- The Washington Times - Sunday, January 17, 2016

DES MOINES, Iowa — Chelsea Clinton hit the campaign trail here Saturday, sounding an alarm about Republicans’ jingoism, sexism, racism and homophobia, as Hillary Clinton’s family came to her rescue in a painfully close caucus race.

Chelsea Clinton was joined by her father, former President Bill Clinton, who is one of the campaign’s biggest guns, to reignite enthusiasm among Mrs. Clinton’s supporters, who increasingly fear she will lose the caucus contest to avowed democratic socialist Vermont Sen. Bernard Sanders.

Mrs. Clinton has gone from a commanding lead to a neck-and-neck race against Mr. Sanders, with 15 days until Iowa’s leadoff nominating contest.

“She can’t be president if you don’t nominate her, and if you do nominate her, I don’t think they can stop her from becoming president,” Mr. Clinton said to cheers and applause from the crowd in the gym at Abraham Lincoln High School.

The former president and his daughter made the case that Mrs. Clinton is the most qualified person ever to run for president and that allowing her to lose in the Hawkeye State, as she did to then-Sen. Barack Obama in 2008, would risk losing the White House to Republicans.

“Everything that I care most about is at stake in this election,” said Chelsea Clinton. “Whether we think about a woman’s right to choose, whether we think about actually standing up to climate change or whether we think about our core American values — which are under significant assault at the moment from the other side — when we look at the jingoism and the sexism and the racism and the homophobia.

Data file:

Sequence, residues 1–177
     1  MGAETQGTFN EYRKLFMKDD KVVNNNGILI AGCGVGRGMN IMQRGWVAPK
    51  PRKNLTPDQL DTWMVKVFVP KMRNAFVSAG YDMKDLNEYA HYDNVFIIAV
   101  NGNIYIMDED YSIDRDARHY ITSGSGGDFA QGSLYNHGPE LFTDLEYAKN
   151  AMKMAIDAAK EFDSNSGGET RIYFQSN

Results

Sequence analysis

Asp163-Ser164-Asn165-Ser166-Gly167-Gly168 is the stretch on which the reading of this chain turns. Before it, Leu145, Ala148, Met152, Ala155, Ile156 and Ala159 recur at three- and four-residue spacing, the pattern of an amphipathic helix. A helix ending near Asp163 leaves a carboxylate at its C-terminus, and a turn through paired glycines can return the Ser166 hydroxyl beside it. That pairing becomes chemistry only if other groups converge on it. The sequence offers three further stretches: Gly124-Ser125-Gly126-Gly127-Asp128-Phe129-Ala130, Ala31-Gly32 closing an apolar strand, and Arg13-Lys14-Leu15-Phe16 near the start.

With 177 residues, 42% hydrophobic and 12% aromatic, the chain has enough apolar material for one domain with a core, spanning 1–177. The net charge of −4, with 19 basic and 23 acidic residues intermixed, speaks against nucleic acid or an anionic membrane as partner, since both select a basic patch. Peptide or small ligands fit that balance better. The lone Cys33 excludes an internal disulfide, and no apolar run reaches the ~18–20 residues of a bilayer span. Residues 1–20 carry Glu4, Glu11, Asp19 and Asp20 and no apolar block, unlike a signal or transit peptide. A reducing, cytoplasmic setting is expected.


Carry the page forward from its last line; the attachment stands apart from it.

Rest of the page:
“That’s not who we are. And that’s not the country that I want my daughter to grow up in,” said the 35-year-old mother of a 1-year-old daughter who is pregnant with a second child.

“We cannot afford to stay on the sidelines,” she said, urging her mother’s supporters to not only attend caucuses but to bring all their friends along to help put Mrs. Clinton over the top.

Many in the crowd said they already were committed to caucusing for Mrs. Clinton and attended the event for the thrill of seeing Mr. Clinton. But many also voiced fear that she could fall to Mr. Sanders, setting up a protracted race that results in the Democratic nominee being a wounded Mrs. Clinton or an unelectable Mr. Sanders.

“It is going to be rather close, and it could go either way,” said James Temple, 50, a software engineer in Des Moines. “I’m really concerned about November and getting a viable candidate.”

For Mrs. Clinton’s most devoted fans, the caucus race is eerily similar to what happened in 2008, when Mrs. Clinton’s huge lead evaporated and she suffered a demoralizing third-place finish behind Mr. Obama and former North Carolina Sen. John Edwards.

“I was furious in ‘08,” said Teresa Burriola, 57, a legal secretary, adding that Mr. Sanders “needs to get out of her way.”

Mrs. Clinton was in a statistical dead heat with Mr. Sanders in a Des Moines Register/Bloomberg Politics poll last week. It showed her barely edging out Mr. Sanders, 42 percent to 40 percent, a lead within the poll’s margin of error.

At Saturday’s rally, the president and his daughter did not mention any of the Republican candidates by name. But they made reference to billionaire businessman Donald Trump’s controversial comments about deporting Mexicans and preventing the U.S. entry of Muslims.

Mr. Clinton warned that allowing any of the Republicans to win the White House would jeopardize the progress made by President Obama.

“We’ve got to … stop the Republicans from rolling back the good things the president has done,” he said. “We’ve got to keep going. We can’t back up on gun safety, on gay rights, on climate change legislation.”

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